Over two decades at the Alliance, Booth directed more than 40 productions, including premieres from writers Pearl Cleage, Natasha Trethewey, Stephen King, John Mellencamp and Kristian Bush. Her Atlanta career highlights are countless.

“Being able to host Twyla Tharp while she was making a new piece [2009’s Come Fly with Me] was just mind-blowing because that’s a level of craft and poetry that’s hard to parallel,” Booth said. “And that she was in our space building something new knocked me out. That I have had the opportunity to build a 15-year-long deep, deep friendship with Pearl Cleage? I mean, come on! And it’s a friendship that is based on a really simple idea, which is that we always tell each other the truth. To have that friend any time anywhere would be extraordinary. To have that friend in Atlanta, Georgia, particularly over the last few years of all the gyrations our country has been going through, it’s been a gift I didn’t know my life was going to give me.”

Booth said that staging Jesus Christ Superstar Gospel was a particular achievement.

“That was just one of the most glorious,” she said. “And it’s like childbirth, right? You call it glorious after you’re done screaming in agony. Nothing was easy about that show. But the fact that that could happen, the fact that it could happen with that enormous, jaw-dropping choir of community singers, everything about that was a gift that only Atlanta could’ve given.”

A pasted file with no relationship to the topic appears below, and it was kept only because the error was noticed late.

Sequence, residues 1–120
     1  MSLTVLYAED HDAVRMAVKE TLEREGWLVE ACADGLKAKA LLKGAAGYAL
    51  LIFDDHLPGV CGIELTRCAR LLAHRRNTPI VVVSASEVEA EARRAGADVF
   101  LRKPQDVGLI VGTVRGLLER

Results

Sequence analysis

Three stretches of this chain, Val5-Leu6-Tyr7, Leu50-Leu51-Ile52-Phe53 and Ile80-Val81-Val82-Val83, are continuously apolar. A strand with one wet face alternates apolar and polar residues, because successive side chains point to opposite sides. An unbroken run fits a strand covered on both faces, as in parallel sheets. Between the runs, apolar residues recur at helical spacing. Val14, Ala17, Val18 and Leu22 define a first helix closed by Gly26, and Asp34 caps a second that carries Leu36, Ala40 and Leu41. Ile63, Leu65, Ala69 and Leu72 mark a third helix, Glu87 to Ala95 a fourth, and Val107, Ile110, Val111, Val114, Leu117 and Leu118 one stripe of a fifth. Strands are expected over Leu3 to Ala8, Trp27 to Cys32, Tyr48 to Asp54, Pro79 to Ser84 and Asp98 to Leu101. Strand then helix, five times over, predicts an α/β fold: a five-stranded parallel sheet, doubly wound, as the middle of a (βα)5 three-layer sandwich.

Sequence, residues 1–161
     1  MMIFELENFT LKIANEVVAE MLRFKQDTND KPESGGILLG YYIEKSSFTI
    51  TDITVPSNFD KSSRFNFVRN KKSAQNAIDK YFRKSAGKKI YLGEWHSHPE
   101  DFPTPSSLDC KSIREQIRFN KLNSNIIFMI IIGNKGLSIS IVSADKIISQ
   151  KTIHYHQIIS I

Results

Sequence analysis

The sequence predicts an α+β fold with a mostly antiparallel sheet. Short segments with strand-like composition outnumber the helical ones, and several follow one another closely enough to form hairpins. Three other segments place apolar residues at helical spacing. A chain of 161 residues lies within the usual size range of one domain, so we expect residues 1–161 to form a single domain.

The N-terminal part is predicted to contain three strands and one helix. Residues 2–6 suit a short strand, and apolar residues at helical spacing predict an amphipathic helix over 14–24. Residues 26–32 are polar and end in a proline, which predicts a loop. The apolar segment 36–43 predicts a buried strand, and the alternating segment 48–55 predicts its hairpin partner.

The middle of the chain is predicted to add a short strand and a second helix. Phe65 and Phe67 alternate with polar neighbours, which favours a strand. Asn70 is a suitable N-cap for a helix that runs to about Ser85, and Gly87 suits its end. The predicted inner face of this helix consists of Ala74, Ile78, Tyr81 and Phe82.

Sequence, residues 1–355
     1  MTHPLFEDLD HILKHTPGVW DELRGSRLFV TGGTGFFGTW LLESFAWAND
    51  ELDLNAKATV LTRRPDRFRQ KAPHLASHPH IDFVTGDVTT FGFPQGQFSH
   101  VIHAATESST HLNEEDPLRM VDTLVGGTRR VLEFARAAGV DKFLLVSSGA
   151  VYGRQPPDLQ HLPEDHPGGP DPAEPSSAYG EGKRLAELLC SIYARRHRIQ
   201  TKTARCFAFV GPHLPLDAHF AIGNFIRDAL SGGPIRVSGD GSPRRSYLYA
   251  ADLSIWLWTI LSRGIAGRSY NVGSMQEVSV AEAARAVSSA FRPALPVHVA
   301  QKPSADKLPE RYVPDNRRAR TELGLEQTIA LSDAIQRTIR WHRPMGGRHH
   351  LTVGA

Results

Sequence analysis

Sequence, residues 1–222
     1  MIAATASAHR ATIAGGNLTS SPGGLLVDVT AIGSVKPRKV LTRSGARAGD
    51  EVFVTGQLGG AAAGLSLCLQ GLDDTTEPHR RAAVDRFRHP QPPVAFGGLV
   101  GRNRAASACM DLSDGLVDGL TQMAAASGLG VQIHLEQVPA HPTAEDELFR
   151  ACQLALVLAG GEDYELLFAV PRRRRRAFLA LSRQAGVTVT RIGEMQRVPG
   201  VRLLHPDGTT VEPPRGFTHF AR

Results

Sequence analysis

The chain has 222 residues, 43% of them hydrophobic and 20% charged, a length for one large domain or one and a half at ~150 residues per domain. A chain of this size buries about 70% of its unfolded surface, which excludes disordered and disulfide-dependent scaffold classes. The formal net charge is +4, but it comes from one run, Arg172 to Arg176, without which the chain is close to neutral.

The six musicals that transferred to Broadway were Tharp’s renamed Come Fly Away, The Prom, Tuck Everlasting, Sister Act, The Color Purple and Bring It On. 

Booth said working with King and Mellencamp on the 2012 musical Ghost Brothers of Darkland County was memorable — sometimes in unexpected ways.

“I will tell you that a memory that will never leave me, even if I might want it to, is John Mellencamp, in the middle of a script meeting at the Four Seasons where he was staying,” she said, laughing. “He decided to stand up and show me what he thought was shingles on his lower backside. I can never unsee that one.”

For the theater’s 50th anniversary, Booth oversaw a renovation of the Coca-Cola Stage, completed in 2019, that better unified the orchestra and balcony levels.

Susan Booth (from left), Stephen King, John Mellencamp and T-Bone Burnett when the 2012 world premiere of “Ghost Brothers of Darkland County” was announced. Though “Ghost Brothers” didn’t make it to Broadway during Booth’s Alliance tenure, six musicals did.

“It was never just about getting ourselves a prettier theater,” she said. “It was very much about having a space that echoes our belief that everyone belongs here. And that was going to be a very different space.”

During that time, the Alliance programmed an entire season’s worth of shows to other stages all around the city while the work was being completed. The goal was community outreach, as well as audience development. Planning for it was complicated but rewarding, Booth said.

Booth said the city needs to be grateful and proud of its theater community. She said it should be recognized as essential to Atlanta’s spirit.